Deadlines, The Final Frontier

Looks like we dodged a bullet.  The United States of America will not default on its debt, We The People will be allowed to borrow more money to stay current in our obligations by way of a vague deal to curb deficit spending going forward that the House, Senate, and President will find a way to stomach late in the 11th hour.  Why don’t I feel proud?

In my mind, the process for resolution which was recently described by Senator McCain as “bizarro” has been a farce of such epic embarrassment, it is impossible to comprehend as somehow reflective of our shared values.  Last minute threats and posturing and leverage and mano a mano entrenchment ignore the obvious framework of achieving a shared vision — that working relationships must continue long after the dirty work is done.  Last week in a fairly heated discussion thread about the debt ceiling on another social networking site, an astute friend of mine wrote:

…the whole situation is disappointing. No one on the national scene has really acted that well.   Should we even give them praise for negotiating?  Has it come to that–we have to praise people for doing what sensible people do?

His exasperation is well-founded, and leads me to ask again, why must we accept one set of standards of conduct for business and a different set for government?  This is especially troubling since so many people in government have spent at least some of their career working in the private sector, where market forces determine the kinds of norms of acceptability and consequence our elected officials seem to ignore.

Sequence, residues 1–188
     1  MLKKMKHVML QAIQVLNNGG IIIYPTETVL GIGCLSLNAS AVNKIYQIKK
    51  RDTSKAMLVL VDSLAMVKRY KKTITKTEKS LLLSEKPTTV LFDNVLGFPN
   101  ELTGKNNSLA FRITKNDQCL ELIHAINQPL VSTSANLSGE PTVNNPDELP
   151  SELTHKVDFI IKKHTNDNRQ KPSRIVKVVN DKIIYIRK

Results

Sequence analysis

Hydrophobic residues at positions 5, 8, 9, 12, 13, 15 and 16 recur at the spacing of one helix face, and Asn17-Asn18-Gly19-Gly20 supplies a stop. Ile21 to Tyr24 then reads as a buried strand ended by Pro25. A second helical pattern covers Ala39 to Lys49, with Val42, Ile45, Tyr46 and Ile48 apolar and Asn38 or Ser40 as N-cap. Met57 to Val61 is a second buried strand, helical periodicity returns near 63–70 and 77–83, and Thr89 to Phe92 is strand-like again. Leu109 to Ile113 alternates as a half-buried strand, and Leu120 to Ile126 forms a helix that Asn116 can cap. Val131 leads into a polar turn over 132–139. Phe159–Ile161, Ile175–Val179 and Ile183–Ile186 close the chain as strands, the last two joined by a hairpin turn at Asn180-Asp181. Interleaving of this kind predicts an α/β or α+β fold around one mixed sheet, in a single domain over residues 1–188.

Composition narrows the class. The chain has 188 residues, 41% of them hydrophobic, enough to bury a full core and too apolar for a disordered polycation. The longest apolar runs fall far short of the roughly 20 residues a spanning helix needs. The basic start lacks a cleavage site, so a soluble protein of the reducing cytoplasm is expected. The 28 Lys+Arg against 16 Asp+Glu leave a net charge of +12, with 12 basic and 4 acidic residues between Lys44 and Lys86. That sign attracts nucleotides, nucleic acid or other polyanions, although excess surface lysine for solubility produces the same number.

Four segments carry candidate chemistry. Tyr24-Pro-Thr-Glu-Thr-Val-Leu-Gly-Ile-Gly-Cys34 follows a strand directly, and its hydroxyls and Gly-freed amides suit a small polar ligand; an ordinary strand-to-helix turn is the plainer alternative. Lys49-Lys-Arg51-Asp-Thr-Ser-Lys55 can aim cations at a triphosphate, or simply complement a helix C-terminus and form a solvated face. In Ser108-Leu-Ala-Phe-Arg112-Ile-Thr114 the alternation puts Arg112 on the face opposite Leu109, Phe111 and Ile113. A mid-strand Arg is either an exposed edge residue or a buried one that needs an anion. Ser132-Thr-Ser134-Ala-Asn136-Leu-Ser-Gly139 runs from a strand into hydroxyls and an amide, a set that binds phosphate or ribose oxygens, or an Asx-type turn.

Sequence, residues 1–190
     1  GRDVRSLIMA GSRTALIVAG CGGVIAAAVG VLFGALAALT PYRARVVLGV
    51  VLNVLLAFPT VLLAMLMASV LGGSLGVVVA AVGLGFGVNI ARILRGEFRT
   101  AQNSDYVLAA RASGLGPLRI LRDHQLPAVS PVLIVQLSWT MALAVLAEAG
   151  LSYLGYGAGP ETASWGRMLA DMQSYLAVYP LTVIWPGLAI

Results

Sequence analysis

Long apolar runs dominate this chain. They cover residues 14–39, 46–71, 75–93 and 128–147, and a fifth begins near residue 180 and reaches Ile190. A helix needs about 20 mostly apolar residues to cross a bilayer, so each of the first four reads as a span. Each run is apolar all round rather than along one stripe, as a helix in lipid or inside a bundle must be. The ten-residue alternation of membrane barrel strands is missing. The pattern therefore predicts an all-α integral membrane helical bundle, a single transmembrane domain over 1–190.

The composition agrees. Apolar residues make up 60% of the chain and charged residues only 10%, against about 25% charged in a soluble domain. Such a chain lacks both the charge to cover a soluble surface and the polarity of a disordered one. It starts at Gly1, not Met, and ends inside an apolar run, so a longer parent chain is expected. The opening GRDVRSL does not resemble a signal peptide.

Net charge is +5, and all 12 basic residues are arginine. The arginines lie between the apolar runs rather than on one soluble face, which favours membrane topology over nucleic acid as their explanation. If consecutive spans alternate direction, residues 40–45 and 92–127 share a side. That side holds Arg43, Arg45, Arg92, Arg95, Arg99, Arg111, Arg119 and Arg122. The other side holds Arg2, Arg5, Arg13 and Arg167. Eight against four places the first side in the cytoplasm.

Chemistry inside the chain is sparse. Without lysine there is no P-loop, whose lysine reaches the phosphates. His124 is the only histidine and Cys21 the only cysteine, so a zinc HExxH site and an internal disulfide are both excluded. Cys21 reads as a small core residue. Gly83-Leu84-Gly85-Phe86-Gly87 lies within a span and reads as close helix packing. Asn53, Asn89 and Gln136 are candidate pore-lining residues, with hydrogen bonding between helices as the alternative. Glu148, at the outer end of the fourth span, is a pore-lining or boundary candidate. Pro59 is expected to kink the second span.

To be clear, I am not talking about mission structure — government service is not profit minded by design, so of course decision-making is not intended to be ROI focused, that would be absurd.  We go to war because our security is at stake, it is a cost.  We fix roads and build new infrastructure because they are the backbone of our shared needs, they are cost centers paid for by taxes, they are not profit centers so boardroom discussions will always be different.  I am talking about standards of conduct, behavioral norms — like honest discussion and earnest debate and timely resolution.